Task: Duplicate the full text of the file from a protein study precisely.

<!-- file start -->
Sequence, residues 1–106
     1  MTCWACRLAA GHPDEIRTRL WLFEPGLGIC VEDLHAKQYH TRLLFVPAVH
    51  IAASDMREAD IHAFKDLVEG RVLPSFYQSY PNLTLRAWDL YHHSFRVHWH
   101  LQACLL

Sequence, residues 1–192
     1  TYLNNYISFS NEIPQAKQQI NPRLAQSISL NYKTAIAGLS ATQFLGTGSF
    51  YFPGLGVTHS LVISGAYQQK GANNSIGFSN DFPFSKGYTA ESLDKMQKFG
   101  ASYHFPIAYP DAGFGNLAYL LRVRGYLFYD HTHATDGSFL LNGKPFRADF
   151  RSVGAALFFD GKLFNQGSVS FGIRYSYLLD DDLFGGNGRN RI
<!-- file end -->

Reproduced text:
Sequence, residues 1–106
     1  MTCWACRLAA GHPDEIRTRL WLFEPGLGIC VEDLHAKQYH TRLLFVPAVH
    51  IAASDMREAD IHAFKDLVEG RVLPSFYQSY PNLTLRAWDL YHHSFRVHWH
   101  LQACLL

Sequence, residues 1–192
     1  TYLNNYISFS NEIPQAKQQI NPRLAQSISL NYKTAIAGLS ATQFLGTGSF
    51  YFPGLGVTHS LVISGAYQQK GANNSIGFSN DFPFSKGYTA ESLDKMQKFG
   101  ASYHFPIAYP DAGFGNLAYL LRVRGYLFYD HTHATDGSFL LNGKPFRADF
   151  RSVGAALFFD GKLFNQGSVS FGIRYSYLLD DDLFGGNGRN RI